She was shorter than the withers of a wee pony and stout to boot, while willowy Finovola was tall, thin, and graceful. But neither Anya’s adventurous spirit nor Finovola’s beauty would ever prevent them from walking down the aisles of their fates. They were the daughters of Lord Guy O’Cahan and destined to wed for the benefit of augmenting their future husbands’ lands, riches, and power. Alas, if only she could meet someone, fall in love with him, and sail into the sunset on a journey of new beginnings and fascinating discoveries. Why was it love matches abounded throughout Ireland for everyone except the highborn? Anya tied her cloak and slung her satchel over her shoulder. “I’m nearly finished with my drawing and Lord only knows how much longer I’ll have the freedom to slip outside the castle walls.” “Ye hardly have the freedom now.” She kissed her sister’s cheek. “I must complete it today whilst the weather is fine. This is the last time—at least afore the feast, I give ye my word.

” Without further argument, Anya slipped out the door and hastened through the corridor until she reached the narrow stairs leading to the cellars. She stopped and listened for a moment. Though the keep consisted of five stories, Anya could detect a guard’s heavy footsteps all the way down to the bottom of the stairwell. After hearing nothing, she tiptoed around and around until she reached the dark cellars. She’d been using this route for seven years and needed no light to show her the way. Besides, torches were dangerous. They brought too much attention. If her guardian ever heard how often Anya left the castle to steal coveted time alone, she’d be disciplined for certain. She ran her fingers along the damp walls, turning left, then right, then left again until daylight shone through the bars of the forgotten old cellar gate. Anya dug in her satchel, pulled out a key, and slipped it into the rusty lock.

Shortly after she’d arrived, she found the key hidden behind a loose stone near the hearth in her chamber. A slip of velum was attached to the loop with a bit of twine. Upon the note was written two words: vinariam porta, the Latin for cellar gate. Of course, having been tutored in Latin as well as being a bit of an adventurer, Anya immediately went searching for the mysterious lock to fit the key. She let herself out of the captive tower, locked the gate for good measure, and returned the key to her satchel. Pulling the hood of her sealskin cloak low over her brow to ensure she wouldn’t be recognized, Anya quickly skirted the shore, ever so careful to stay away from the prying gazes of villagers who tended the earl’s livestock and whatnot. She hastened up the hill to a small outcropping where she’d be sheltered from winter’s bitter wind—straight to her own little alcove. By the saints, it was good to be alone in her secluded hideaway. With her warm cloak wrapped snuggly about her person, she sat in the comfort of the grass and pulled out her scroll of velum and charcoal. Generally, Anya drew flowers and animals, but because she was soon to be taken away from Carrickfergus, she’d been working on a drawing of the castle and the cottages in the foreground.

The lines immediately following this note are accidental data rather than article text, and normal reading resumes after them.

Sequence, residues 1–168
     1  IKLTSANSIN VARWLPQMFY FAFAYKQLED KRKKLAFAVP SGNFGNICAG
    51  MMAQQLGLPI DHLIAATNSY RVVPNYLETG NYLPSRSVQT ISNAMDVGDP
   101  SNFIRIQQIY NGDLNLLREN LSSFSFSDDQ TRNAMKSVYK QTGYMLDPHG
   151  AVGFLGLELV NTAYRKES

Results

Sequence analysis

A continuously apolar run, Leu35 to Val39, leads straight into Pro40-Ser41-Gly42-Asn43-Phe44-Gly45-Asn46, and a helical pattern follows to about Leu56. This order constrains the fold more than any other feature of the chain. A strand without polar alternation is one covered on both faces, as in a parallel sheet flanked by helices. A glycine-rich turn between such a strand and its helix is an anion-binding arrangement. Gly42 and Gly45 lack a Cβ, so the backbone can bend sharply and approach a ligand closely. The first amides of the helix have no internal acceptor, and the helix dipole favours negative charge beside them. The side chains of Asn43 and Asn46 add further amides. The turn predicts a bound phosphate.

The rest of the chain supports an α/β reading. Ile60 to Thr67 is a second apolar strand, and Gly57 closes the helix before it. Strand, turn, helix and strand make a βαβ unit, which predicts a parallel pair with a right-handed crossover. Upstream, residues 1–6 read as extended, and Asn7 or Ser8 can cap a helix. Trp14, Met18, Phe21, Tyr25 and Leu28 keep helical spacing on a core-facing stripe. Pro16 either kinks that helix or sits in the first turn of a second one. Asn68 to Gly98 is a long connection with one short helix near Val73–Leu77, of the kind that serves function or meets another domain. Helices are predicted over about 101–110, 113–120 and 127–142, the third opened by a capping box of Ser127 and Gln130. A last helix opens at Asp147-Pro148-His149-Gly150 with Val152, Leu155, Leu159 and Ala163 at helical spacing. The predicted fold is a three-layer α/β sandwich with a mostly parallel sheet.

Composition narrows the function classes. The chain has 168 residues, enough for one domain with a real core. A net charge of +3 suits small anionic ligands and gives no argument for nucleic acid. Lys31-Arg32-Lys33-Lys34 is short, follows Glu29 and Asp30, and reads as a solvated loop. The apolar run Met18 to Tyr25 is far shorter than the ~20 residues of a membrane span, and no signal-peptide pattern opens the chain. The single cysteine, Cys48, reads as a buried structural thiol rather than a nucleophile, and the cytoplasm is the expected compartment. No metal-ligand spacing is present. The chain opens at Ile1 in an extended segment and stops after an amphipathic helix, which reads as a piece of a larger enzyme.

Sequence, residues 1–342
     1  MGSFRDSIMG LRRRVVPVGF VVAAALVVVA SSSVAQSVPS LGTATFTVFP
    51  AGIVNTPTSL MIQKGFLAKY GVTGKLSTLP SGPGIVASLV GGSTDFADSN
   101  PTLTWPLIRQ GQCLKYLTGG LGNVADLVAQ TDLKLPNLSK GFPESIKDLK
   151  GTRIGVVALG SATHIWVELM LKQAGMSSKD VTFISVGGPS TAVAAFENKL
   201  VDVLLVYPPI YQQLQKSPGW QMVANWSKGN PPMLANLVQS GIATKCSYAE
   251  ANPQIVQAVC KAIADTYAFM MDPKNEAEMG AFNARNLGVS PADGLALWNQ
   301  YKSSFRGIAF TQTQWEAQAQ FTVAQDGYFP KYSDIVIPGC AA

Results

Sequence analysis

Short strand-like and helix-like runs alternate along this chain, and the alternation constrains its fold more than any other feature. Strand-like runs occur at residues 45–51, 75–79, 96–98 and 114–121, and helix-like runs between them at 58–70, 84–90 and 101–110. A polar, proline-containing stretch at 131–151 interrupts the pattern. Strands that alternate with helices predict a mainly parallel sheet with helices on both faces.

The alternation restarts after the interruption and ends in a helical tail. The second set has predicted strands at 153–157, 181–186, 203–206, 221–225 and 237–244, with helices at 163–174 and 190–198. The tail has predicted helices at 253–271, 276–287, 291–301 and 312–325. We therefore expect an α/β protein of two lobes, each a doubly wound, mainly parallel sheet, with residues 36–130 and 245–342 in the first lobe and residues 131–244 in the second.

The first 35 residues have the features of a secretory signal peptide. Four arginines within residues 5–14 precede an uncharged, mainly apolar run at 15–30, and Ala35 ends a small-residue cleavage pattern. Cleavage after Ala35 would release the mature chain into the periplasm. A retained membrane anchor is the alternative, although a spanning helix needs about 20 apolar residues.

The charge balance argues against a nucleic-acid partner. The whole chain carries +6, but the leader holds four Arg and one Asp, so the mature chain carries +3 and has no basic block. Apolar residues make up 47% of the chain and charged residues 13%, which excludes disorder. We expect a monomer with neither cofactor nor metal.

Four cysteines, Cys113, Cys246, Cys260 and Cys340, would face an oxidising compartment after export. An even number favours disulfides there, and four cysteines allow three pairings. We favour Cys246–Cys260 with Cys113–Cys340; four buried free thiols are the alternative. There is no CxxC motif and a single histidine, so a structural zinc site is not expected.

Aye, on any given day she’d be able to draw the keep with her eyes closed, but this work was different. She painstakingly detailed the masonry, the merlons and crenels, three feet in depth, no less. She used the minutest of strokes to etch the thatch on the cottage roofs, making it look as if it were real. Most of all, she paid particular attention to the animals—the thick sheep’s wool, a workhorse who was old and stooped, the dairy cows with their black and white spots. Over and over again she sharpened her charcoal and painstakingly added the finer details, while in the bay, ships came and went, bringing their cargoes of grain and stores for the castle, all none the wiser that Anya sat in her little alcove concealed between the stones, taking in every detail. She even captured the seabirds in flight. Lost in her work, she didn’t notice when the sun sank low in the western sky, but she jolted upright when a drop of rain splattered the toe of her shoe. Quickly rolling up her work, she looked to the clouds. When she’d ventured out, the sky had been clear, and now it looked as if a storm were brewing. She shoved her scroll and charcoal into her satchel and grabbed the strap.

In her rush to keep the drawing dry, the bag caught on a craggy stone and upended, spilling everything into the grass. “Curses!” she swore, shoving her things back inside, then hastened down the hill.

.